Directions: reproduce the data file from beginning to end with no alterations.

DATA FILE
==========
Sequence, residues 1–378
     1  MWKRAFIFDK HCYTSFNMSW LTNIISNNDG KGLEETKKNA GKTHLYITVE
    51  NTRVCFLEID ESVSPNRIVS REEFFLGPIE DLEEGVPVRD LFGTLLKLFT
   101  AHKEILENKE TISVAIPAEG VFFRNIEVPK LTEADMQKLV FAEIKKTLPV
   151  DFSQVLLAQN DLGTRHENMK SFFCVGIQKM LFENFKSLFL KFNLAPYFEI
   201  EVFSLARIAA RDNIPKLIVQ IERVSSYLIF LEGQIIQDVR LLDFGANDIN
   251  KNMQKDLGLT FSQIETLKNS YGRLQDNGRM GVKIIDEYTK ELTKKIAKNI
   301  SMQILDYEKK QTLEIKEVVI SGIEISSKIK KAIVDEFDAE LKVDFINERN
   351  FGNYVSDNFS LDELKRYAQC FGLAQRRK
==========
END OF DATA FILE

Sequence, residues 1–378
     1  MWKRAFIFDK HCYTSFNMSW LTNIISNNDG KGLEETKKNA GKTHLYITVE
    51  NTRVCFLEID ESVSPNRIVS REEFFLGPIE DLEEGVPVRD LFGTLLKLFT
   101  AHKEILENKE TISVAIPAEG VFFRNIEVPK LTEADMQKLV FAEIKKTLPV
   151  DFSQVLLAQN DLGTRHENMK SFFCVGIQKM LFENFKSLFL KFNLAPYFEI
   201  EVFSLARIAA RDNIPKLIVQ IERVSSYLIF LEGQIIQDVR LLDFGANDIN
   251  KNMQKDLGLT FSQIETLKNS YGRLQDNGRM GVKIIDEYTK ELTKKIAKNI
   301  SMQILDYEKK QTLEIKEVVI SGIEISSKIK KAIVDEFDAE LKVDFINERN
   351  FGNYVSDNFS LDELKRYAQC FGLAQRRK